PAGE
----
Film Analysis Of Jigoku By Nobuo Nakagawa

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One of the first Asian Masters of Horror, Japanese director Nobuo Nakagawa offered up numerous exceptional horror films in the late 1950s and early 60s with scores of important and legendary titles. After several tales offering variations of ghost tales, Nakagawa decided to go for a more existential tale of remorse and greed which scored him one of the biggest hits of his career and secured his reputation with a vengeance leading to who he is today.

Trying to move on in life, Shiro Shimizu (Shigeru Amachi, from "The Tale of Zatoichi") finds that his involvement with Tamura (Yoichi Numata, from "Ringu") taints his relationship with his fiancée Yukiko Yajima (Utako Mitsuya, from "Attack from Space") as his disdainful attitude really sours her.
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One of the better features with this one is the incredibly impressive and enjoyable visual prowess demonstrated. "Jigoku" is a highly visual film, with a large amount of time spent simply on creating wonderful images for inconsequential moments. The encounter on the bridge, the weirdness of the caricatures in the opening montage to their idea of Hell, where shots feature select objects sitting in the middle of the picture with a black frame around everything else that all make for an enjoyable series of scenes. This makes the film incredibly engaging by offering visually engaging work throughout here. Even the non-horror work is in this manner, as cinematographer Mamoru Morita create some impressive work in the crash that sets the film in motion, the scenes of lonely Shiro wandering through the countryside or the fine scenes in the village where he meets up with the family of the one he …show more content…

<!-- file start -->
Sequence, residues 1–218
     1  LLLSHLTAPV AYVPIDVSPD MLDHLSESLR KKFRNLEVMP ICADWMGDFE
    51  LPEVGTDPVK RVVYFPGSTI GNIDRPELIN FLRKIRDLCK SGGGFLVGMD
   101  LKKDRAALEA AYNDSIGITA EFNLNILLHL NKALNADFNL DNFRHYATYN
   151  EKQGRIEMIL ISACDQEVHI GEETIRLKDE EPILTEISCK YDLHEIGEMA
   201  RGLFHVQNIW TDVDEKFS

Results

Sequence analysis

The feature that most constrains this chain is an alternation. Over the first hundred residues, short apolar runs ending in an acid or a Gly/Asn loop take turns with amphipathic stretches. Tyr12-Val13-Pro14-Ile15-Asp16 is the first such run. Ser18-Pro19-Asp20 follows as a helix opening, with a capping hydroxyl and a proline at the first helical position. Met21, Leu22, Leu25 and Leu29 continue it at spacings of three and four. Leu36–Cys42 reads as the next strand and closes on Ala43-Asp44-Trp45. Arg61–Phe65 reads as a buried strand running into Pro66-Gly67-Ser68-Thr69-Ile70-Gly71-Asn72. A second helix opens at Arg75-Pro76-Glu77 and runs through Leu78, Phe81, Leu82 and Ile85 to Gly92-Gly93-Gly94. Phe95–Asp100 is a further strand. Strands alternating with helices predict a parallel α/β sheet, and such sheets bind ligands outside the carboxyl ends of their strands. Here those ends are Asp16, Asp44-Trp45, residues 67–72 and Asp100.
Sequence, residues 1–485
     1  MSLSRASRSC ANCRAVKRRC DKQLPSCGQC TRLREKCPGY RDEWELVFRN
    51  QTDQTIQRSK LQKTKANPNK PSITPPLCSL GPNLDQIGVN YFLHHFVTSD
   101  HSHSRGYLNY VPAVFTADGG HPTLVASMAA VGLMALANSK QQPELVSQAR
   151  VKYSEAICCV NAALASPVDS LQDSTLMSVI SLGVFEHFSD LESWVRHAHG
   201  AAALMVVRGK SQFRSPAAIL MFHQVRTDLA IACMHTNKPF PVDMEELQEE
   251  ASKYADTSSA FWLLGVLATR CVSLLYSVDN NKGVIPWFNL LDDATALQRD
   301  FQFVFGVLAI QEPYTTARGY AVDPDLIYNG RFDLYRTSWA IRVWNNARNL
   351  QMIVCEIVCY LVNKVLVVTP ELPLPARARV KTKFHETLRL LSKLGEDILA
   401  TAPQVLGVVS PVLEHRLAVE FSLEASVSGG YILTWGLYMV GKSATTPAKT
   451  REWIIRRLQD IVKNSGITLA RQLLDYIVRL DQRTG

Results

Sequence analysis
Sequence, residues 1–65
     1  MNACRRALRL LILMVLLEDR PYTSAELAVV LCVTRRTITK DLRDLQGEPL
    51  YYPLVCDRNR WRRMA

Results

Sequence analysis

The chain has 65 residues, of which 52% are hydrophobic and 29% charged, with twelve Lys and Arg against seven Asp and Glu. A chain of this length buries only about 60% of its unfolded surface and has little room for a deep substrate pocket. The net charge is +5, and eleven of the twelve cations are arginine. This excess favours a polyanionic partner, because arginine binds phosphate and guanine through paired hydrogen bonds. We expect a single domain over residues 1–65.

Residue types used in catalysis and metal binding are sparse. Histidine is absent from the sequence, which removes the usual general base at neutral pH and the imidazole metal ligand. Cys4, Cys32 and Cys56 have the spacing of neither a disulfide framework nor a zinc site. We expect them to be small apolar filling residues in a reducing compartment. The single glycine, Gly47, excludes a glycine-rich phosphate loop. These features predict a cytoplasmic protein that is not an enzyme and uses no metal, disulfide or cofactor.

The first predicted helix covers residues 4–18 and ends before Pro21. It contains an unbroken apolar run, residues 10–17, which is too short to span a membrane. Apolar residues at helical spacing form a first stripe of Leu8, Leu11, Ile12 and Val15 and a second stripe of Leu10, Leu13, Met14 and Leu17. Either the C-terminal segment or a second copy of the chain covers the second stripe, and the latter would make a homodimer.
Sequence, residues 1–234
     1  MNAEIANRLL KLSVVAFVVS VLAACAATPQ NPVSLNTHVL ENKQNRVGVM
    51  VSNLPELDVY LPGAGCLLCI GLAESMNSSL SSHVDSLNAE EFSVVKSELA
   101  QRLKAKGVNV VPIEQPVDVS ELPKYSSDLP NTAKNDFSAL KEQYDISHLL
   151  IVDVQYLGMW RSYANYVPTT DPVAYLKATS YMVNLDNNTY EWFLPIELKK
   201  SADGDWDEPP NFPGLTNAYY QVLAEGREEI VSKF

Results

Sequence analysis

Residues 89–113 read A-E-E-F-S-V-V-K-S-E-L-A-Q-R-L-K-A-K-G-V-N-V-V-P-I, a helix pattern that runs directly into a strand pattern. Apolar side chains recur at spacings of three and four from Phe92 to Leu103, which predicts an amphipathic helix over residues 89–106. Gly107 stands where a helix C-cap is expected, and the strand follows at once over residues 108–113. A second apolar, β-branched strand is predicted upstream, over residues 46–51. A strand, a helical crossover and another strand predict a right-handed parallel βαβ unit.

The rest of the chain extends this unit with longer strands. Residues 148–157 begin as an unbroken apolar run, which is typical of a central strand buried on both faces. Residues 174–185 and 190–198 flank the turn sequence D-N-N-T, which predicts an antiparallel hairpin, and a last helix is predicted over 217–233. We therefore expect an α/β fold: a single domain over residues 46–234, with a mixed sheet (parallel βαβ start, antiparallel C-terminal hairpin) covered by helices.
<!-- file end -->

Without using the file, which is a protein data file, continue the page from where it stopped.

One of the only problems here is the fact that, during the middle segment, it noticeably stops being a horror film and instead turns into a character study about the effect their actions have on them. This isn't incredibly exciting when it comes to being about a horror film. The film has a series of scenes where nothing but drama inflicts the film and doesn't really do much. It really needs to be streamed down and have less intrusion with how much time is taken up by all the drama taking place. The scenes at the clinic and the first two conversations with the family are the prime examples of this, as they not only stretch the film out but really seem out-of-place in where they come from. It's the most damaging thing about the film, and really serves as it's only real

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